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Get info about the Encyclopedia of Networking and Telecommunicatons, 3rd edition (2001)
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Note: Many topics at this site are reduced versions of the text in "The Encyclopedia of Networking and Telecommunications." Search results will not be as extensive as a search of the book's CD-ROM.
Packet-switched networks are built on mesh topologies in which multiple paths to a destination exist. The links in the mesh are point-to-point links joined by routers. A path to a destination may go through any number of routers, and the path may change at any time due to traffic problems or failed links. In this environment, there are two possible packet-routing methods:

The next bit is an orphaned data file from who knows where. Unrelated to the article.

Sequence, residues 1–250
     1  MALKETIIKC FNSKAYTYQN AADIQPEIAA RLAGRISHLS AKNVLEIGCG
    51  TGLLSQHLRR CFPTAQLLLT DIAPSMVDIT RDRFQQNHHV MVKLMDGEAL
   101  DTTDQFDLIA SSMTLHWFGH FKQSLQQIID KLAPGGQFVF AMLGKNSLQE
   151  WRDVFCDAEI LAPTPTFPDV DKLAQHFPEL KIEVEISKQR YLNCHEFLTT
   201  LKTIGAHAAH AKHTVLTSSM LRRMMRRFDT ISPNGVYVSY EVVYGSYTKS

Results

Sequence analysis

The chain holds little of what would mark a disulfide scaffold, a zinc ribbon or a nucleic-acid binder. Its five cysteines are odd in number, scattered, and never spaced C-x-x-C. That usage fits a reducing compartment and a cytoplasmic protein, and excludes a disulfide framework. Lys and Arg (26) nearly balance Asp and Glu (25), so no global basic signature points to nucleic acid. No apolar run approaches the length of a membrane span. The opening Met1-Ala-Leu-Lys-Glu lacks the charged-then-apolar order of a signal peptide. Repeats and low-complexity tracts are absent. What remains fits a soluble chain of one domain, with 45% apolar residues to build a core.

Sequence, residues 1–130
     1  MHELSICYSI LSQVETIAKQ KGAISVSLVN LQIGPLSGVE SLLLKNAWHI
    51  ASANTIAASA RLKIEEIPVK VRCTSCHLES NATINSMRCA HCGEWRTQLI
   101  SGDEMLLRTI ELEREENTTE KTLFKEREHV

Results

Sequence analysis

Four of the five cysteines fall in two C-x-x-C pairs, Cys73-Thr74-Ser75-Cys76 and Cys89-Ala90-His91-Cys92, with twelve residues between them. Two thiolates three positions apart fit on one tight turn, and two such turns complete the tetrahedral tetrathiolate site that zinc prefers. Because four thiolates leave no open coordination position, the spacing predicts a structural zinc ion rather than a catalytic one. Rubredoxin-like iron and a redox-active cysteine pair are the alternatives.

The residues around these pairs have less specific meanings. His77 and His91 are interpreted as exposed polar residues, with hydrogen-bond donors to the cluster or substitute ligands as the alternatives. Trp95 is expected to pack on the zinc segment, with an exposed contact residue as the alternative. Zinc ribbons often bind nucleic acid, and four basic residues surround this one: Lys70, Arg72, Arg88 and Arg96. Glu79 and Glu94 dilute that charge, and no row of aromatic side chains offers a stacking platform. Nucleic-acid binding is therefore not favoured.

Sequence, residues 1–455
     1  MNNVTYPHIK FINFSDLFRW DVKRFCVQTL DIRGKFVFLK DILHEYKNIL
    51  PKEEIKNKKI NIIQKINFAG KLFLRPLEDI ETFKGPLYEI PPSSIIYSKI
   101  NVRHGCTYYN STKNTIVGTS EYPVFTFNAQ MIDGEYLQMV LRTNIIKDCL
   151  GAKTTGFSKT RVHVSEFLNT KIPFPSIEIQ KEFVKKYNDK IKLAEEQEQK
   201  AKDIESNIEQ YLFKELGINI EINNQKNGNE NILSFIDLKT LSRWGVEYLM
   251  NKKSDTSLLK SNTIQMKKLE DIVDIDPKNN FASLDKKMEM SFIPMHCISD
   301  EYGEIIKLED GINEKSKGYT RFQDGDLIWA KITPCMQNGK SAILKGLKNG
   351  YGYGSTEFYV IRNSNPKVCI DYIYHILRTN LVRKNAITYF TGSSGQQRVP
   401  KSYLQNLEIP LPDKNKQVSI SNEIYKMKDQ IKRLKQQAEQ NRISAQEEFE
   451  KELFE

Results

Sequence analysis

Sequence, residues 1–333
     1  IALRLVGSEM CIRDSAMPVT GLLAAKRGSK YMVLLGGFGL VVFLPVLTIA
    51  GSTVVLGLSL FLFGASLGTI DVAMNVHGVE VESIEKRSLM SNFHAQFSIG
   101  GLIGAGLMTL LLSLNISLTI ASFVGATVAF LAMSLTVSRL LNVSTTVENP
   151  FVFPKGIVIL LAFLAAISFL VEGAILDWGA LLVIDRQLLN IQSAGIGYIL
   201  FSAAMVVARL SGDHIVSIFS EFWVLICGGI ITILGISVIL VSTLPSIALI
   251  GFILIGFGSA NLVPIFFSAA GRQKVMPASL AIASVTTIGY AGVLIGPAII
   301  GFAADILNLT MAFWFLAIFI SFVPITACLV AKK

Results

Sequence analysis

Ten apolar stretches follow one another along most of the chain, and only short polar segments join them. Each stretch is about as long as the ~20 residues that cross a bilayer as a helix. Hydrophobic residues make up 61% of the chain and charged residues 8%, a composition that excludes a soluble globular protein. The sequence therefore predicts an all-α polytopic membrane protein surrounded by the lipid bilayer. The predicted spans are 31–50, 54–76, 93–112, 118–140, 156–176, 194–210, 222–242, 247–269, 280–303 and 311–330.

Setting up paths implies that the network will keep state information, something that was frowned on in the past due to its potential to reduce performance. But with the need for QoS and bandwidth management rising, explicit routing is now important and can be done much more efficiently due to higher-performance devices.
This topic continues in "The Encyclopedia of Networking and Telecommunications."
Copyright (c) 2001 Tom Sheldon and Big Sur Multimedia.